China is once again stepping up its enforcement of policies prohibiting cryptocurrency trading, amid reports that domestic traders have managed to circumvent these restrictions by accessing offshore exchanges.
That’s according to a report in Shanghai-based publication Yicai, which said that the department in charge of supervising the country’s public communications networks had begun closely monitoring offshore cryptocurrency exchanges, in addition to domestic websites used by traders and investors to facilitate peer-to-peer (P2P) trades.
The department has placed particular scrutiny on cryptocurrency exchanges that were formerly headquartered in mainland China but relocated their operations in response to the fiat-to-cryptocurrency trading ban, which was put in force by the People’s Bank of China (PBoC) last September.
The government claims that it has implemented these policies to prevent pyramid schemes, money laundering, and other fraudulent activities associated with the cryptocurrency industry.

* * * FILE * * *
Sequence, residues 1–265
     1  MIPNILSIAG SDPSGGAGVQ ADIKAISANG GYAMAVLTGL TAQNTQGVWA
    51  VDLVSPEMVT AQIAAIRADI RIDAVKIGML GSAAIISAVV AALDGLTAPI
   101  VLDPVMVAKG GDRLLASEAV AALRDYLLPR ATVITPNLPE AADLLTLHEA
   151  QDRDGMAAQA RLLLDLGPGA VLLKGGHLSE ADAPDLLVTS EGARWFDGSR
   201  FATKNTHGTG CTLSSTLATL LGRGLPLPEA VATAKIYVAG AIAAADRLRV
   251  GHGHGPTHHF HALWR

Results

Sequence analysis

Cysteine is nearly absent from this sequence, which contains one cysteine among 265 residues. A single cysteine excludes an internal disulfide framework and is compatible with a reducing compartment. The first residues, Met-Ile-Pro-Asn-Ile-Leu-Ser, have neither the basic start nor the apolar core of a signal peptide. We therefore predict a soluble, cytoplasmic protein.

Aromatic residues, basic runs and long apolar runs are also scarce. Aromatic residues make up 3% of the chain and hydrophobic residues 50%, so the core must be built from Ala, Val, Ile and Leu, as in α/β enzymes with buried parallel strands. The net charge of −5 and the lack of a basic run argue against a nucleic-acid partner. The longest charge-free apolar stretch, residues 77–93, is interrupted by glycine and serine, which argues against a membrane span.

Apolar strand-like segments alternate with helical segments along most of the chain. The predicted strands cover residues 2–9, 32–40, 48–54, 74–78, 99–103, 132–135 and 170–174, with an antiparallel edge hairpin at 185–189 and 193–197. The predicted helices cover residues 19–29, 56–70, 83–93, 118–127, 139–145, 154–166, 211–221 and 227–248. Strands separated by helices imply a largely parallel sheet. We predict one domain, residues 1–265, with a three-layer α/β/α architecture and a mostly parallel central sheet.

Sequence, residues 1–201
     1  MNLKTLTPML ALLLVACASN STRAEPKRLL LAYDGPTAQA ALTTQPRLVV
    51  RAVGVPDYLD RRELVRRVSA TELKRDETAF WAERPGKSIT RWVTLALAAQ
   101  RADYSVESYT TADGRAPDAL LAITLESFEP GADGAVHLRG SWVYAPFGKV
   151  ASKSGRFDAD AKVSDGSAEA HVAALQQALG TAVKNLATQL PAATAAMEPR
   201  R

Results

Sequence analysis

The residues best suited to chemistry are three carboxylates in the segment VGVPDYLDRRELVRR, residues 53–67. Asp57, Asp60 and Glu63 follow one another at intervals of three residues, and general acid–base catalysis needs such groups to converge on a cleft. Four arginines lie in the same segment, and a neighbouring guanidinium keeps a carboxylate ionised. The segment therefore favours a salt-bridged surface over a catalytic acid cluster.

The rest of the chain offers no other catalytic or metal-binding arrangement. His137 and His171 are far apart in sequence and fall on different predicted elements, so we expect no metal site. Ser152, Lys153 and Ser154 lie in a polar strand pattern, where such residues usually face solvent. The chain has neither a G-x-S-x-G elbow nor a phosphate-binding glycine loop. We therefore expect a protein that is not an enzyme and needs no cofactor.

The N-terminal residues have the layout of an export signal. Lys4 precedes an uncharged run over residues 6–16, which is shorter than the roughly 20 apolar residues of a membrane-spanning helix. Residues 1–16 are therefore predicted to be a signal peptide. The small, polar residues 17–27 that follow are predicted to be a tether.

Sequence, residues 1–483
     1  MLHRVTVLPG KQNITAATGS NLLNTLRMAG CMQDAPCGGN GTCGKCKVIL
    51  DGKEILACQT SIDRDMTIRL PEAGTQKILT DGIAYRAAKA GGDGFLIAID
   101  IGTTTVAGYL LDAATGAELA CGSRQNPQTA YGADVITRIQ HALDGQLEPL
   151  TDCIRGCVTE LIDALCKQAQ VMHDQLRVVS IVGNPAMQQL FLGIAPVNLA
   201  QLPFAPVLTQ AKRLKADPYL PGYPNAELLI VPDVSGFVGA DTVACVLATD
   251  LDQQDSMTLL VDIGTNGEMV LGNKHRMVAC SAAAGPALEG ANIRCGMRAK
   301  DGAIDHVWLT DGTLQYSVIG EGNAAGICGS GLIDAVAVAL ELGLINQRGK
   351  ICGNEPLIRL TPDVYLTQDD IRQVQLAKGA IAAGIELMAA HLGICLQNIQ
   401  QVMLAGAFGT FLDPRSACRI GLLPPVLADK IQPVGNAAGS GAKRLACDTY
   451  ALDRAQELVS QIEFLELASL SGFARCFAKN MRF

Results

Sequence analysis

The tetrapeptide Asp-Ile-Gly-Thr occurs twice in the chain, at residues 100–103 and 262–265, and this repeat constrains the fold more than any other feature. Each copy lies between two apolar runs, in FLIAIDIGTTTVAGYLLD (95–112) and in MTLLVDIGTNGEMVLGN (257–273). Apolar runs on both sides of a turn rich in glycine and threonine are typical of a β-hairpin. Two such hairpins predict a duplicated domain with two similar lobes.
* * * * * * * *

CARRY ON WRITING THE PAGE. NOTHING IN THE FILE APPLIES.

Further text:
Despite actively policing these cryptocurrency trading venues, authorities have spent the ensuing months struggling to maintain enforcement of those stringent policies, as small-scale traders have begun trading through P2P and over-the-counter (OTC) platforms, while others have successfully opened accounts at offshore platforms that offer conventional order-book trading.
Nevertheless, in many respects, authorities have been largely successful in their quest to curtail trading — even if they have failed to stamp it out entirely.
As CCN reported, these restrictions caused cryptocurrency trading volume denominated in the Chinese renminbi (RMB) to plummet from a peak of 90 percent to a present value estimated to be less than one percent.
Many cryptocurrency skeptics expected that such a dramatic drop-off in China-based trading would spell doom for Bitcoin and its competitors, but those predictions have been proven wrong.
Indeed, this squeeze on mainland RMB trading failed to have a lasting effect on the global cryptocurrency markets, and both South Korea and Japan and have emerged in the incident’s wake as major forces in both the regional and global ecosystems.
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